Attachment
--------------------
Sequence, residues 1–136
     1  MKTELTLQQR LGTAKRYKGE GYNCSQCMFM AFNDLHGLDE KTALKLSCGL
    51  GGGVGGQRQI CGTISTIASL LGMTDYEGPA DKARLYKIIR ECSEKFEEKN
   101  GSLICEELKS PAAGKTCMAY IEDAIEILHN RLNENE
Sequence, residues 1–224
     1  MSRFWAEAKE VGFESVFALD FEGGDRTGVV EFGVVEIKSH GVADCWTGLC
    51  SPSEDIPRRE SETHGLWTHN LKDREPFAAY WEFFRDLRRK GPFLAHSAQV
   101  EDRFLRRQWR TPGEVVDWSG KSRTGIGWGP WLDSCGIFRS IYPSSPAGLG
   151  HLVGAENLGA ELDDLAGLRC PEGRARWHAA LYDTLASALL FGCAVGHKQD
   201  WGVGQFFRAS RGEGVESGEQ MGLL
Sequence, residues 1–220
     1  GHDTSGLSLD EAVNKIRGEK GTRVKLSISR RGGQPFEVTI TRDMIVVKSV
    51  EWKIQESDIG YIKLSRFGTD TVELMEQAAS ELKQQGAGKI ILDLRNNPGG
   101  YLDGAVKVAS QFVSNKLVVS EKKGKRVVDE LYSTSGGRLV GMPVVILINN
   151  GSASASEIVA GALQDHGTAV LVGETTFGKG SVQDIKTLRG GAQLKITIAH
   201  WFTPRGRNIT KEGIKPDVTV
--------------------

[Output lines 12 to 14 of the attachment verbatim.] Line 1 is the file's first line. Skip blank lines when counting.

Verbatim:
     1  GHDTSGLSLD EAVNKIRGEK GTRVKLSISR RGGQPFEVTI TRDMIVVKSV
    51  EWKIQESDIG YIKLSRFGTD TVELMEQAAS ELKQQGAGKI ILDLRNNPGG
   101  YLDGAVKVAS QFVSNKLVVS EKKGKRVVDE LYSTSGGRLV GMPVVILINN